Other information

Desmond Townshend (b. 1934)

6.9910.00

Description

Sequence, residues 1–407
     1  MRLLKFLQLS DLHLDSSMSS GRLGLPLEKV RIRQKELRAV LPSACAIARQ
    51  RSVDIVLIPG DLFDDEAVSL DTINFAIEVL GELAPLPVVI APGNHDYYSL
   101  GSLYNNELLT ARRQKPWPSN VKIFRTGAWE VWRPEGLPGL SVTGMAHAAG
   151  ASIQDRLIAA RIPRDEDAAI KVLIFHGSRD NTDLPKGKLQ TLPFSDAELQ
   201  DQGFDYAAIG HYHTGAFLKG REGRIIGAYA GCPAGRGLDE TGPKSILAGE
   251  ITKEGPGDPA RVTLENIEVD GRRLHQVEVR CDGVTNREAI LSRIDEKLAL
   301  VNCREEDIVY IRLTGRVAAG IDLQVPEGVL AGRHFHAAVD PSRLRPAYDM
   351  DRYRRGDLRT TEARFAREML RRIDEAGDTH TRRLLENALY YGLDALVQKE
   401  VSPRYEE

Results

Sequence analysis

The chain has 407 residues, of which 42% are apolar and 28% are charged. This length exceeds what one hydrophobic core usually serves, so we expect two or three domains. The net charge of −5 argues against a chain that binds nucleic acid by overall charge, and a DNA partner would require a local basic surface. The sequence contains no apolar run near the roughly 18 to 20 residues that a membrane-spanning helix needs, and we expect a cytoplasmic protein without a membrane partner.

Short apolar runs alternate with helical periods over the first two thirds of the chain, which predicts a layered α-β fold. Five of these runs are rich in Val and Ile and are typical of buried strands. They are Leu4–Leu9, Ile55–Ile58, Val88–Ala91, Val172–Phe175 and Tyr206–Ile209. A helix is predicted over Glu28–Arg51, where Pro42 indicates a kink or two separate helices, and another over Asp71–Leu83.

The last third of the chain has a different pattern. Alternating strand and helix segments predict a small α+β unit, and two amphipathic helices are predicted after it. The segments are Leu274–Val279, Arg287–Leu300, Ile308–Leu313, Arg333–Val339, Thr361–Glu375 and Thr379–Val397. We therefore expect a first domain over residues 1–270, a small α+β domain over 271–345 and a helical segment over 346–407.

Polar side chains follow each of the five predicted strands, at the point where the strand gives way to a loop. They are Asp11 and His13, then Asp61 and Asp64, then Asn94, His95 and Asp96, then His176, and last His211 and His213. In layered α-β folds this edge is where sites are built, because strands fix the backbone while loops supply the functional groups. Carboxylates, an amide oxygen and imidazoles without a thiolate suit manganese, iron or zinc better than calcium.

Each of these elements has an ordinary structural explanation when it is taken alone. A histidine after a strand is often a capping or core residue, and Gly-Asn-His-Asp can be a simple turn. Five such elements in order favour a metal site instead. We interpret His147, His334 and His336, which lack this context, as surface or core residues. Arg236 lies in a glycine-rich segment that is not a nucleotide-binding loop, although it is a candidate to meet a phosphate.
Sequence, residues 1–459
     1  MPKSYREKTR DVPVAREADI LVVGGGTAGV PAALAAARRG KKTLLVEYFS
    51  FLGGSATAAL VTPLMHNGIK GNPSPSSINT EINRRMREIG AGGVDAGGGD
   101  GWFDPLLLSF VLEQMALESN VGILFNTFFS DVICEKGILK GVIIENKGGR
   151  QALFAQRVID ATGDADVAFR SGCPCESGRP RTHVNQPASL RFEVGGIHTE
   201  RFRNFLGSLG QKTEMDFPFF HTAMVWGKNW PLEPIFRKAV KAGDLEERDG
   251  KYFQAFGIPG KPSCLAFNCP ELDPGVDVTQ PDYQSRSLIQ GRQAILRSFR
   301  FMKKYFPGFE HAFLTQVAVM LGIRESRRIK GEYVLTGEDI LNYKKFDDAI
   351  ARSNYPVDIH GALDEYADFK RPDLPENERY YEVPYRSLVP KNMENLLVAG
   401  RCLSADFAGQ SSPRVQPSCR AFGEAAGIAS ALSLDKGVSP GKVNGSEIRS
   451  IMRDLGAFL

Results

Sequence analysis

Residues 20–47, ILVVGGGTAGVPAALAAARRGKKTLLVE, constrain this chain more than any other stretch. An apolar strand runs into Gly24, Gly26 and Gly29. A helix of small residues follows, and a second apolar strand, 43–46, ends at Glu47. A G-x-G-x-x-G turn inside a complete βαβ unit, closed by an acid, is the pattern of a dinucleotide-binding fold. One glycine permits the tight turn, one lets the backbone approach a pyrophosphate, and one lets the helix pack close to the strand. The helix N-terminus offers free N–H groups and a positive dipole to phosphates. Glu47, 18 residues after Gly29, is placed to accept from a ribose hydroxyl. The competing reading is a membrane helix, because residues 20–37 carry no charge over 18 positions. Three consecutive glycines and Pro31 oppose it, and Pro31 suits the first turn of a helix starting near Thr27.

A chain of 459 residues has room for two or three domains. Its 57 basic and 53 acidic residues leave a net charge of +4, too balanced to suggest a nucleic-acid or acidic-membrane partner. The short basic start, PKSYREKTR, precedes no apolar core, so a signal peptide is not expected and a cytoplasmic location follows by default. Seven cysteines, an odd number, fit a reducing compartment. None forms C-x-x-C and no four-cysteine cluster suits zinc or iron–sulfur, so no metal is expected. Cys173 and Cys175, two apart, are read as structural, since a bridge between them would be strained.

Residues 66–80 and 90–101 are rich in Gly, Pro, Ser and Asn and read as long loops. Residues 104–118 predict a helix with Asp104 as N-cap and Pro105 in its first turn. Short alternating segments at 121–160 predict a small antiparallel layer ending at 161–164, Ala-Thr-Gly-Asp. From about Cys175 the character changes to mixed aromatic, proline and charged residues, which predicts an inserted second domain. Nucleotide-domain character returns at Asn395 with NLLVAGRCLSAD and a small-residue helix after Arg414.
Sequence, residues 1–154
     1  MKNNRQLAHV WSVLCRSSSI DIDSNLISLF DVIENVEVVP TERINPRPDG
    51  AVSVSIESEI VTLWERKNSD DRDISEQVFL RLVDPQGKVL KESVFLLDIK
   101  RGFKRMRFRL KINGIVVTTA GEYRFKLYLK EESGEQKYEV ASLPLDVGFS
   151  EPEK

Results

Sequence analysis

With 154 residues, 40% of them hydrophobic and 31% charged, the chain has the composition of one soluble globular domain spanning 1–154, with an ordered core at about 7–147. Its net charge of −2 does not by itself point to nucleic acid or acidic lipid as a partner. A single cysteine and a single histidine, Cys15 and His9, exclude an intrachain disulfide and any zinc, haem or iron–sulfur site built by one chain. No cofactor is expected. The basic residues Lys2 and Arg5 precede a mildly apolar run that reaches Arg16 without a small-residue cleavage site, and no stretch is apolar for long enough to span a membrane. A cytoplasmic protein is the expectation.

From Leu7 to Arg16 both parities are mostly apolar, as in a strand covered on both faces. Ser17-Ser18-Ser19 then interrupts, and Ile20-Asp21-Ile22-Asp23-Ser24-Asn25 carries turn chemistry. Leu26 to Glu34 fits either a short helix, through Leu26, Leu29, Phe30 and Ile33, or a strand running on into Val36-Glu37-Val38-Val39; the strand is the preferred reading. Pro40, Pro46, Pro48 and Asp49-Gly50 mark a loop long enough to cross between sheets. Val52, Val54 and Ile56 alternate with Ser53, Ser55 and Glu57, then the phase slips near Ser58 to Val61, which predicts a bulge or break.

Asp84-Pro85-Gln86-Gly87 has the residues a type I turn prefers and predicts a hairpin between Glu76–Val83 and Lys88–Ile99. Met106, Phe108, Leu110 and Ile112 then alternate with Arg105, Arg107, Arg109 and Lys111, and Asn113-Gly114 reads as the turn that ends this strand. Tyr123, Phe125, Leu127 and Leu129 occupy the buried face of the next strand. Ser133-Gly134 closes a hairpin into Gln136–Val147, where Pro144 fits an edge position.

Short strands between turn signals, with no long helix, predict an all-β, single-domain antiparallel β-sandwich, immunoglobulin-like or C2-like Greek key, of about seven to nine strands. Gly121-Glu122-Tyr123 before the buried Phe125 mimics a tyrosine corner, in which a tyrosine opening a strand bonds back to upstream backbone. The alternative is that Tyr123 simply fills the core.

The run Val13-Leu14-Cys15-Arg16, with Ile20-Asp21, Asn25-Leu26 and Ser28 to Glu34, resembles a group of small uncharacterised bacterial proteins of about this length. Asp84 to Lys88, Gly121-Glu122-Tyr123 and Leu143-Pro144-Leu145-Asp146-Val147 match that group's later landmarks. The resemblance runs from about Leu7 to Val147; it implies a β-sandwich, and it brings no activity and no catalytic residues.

Track 1: Desmond Townshend’s grandfather, Charles Loftus Townshend, carried on the family land agency business in Dublin with his brother. Charles Townshend’s immediate family lived at the Castle in Castletownshend, Co. Cork for a time, and at Lansdowne Road in Dublin. Desmond recalls that his father, Edward Townshend, remembered George Bernard Shaw who once worked as a clerk in the land agency in Molesworth Street. He explains that his father and his uncle Freddie farmed together in Southern Rhodesia until the family returned to Ireland in 1938 due to his mother’s ill-health when Desmond was a young boy. Edward planned to start farming in Ireland but, living temporarily in Castlecomer, initially helped his father-in-law, Richard Prior-Wandesforde, to put in a grass-drying plant on his farm in Castlecomer. On the outbreak of WWII in 1939, he joined the Royal Air Force. The family moved to England shortly after, living in rented lodgings and following him from base to base for the duration of the war. Desmond recalls his father’s brothers, namely Richie, Maurice, Freddie, Walter and Hugo. Richie joined the Royal Navy from school as a Dartmouth cadet before the Great War and served through it, and also in WWII, rising to the rank of Commander. Maurice also served in WWI, having trained as an army cadet, and was commissioned in early 1918. He then saw service in the Indian Army before a period farming in Rhodesia, returning to Ireland in 1940. The youngest brother, Hugo, who worked in the British Museum in London, is also mentioned. Track 2: Desmond’s mother’s family, the Prior-Wandesfordes from Kirklington, Yorkshire and Castlecomer, Co. Kilkenny, are discussed, and he recalls his own and his mother Doreen’s memories of Castlecomer. His grandfather, Richard Henry Prior-Wandesforde, volunteered for duty in WWI, along with many of his staff, workers and his horses, and was invalided out before the very end of the war. His two sons also served in the army. The elder son, Christopher, served in the Yorkshire Regiment, was gassed in the trenches at the age of 20. He died while rescuing his men and is buried in France. His brother, Fred, was decorated for his involvement in action and survived. Desmond describes the circumstances of Christopher’s death. He then explains the effect of the period of WWII on his own early life, when he and his mother had no fixed abode. He discusses his father’s short involvement on the Prior-Wandesford farm where his grandfather was attempting to improve the quality of cattlefeed by drying grass, using coal from their own mine and converting the dried grass into a high protein animal feed. The land around Castlecomer and its suitability for farming is considered, as also is the colliery there. Track 3: Desmond describes Christopher Prior-Wandesforde’s carefully preserved letters from the Front, which he describes as very descriptive and which are currently being prepared for publication. His maternal grandfather, Richard, also wrote home but he was not in the front line and seemed more concerned with happenings and instructions for the estate at home. Desmond discusses the Prior-Wandesforde estate in Yorkshire, which one of his uncles inherited, and he explains that his parents met through a shared interest in hunting. A photograph showing his Townshend uncles and his German grandmother, Beatrice Von Bunsen, is examined. His father, Edward, was the fourth of six sons, and Desmond explains that though Edward seems to have had a happy childhood in Ireland, he rarely re-visited Castletownshend in adulthood. The circumstances leading up to the shooting of Admiral Boyle Townshend by the IRA in 1936 are considered, as is the effect of this tragedy on the family. Desmond is emphatic that there was no local animosity towards the Townshends. The Dublin land agency business is further discussed. The Townshend involvement with the Royal Dublin Society, particularly during the period of the move from Kildare Street to Ballsbridge, is discussed, and Desmond talks about his great-grandfather Charles Uniacke Townshend’s portrait, painted by William Orpen, which hangs in the RDS Council chamber in Ballsbridge. Track 4: Desmond is proud of his family history, though he does not consider that it had any great influence on his own career. He explains that he studied engineering in England and went on to found and develop a successful farm machinery manufacturing company in Ireland after a period working on farms in England. After the war, his parents bought a farm just outside Carlow town. He considers that his father’s experiences in the war did affect him, as did the physical effects of malaria contracted during his years in Rhodesia. He describes his grandfather as an imposing figure who was extremely innovative and ahead of his time in many ways, and dedicated to the development of his Castlecomer estate and the colliery. Track 5: Some photographs of the Prior-Wandesforde family are examined and discussed, and Desmond also speaks about his living Prior-Wandesforde relatives. He is very interested in the Discovery Park in Castlecomer and in the restoration of many of the old buildings in what was the original farm and coachyard, and also the restoration of the demesne and lakes for use by the public. The Park has also kept a record of the family and the industrial heritage of the area. In conclusion, he recalls Castlecomer House, since sadly destroyed by fire and demolished, and his memories of the place.